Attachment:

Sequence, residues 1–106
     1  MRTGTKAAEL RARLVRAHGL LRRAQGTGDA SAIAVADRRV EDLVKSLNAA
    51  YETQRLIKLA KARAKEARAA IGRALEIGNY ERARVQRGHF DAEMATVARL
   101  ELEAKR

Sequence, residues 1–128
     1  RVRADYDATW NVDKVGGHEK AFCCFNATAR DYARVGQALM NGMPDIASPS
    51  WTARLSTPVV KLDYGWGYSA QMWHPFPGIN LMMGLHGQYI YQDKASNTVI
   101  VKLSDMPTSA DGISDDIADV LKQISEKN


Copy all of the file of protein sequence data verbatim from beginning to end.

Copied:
Sequence, residues 1–106
     1  MRTGTKAAEL RARLVRAHGL LRRAQGTGDA SAIAVADRRV EDLVKSLNAA
    51  YETQRLIKLA KARAKEARAA IGRALEIGNY ERARVQRGHF DAEMATVARL
   101  ELEAKR

Sequence, residues 1–128
     1  RVRADYDATW NVDKVGGHEK AFCCFNATAR DYARVGQALM NGMPDIASPS
    51  WTARLSTPVV KLDYGWGYSA QMWHPFPGIN LMMGLHGQYI YQDKASNTVI
   101  VKLSDMPTSA DGISDDIADV LKQISEKN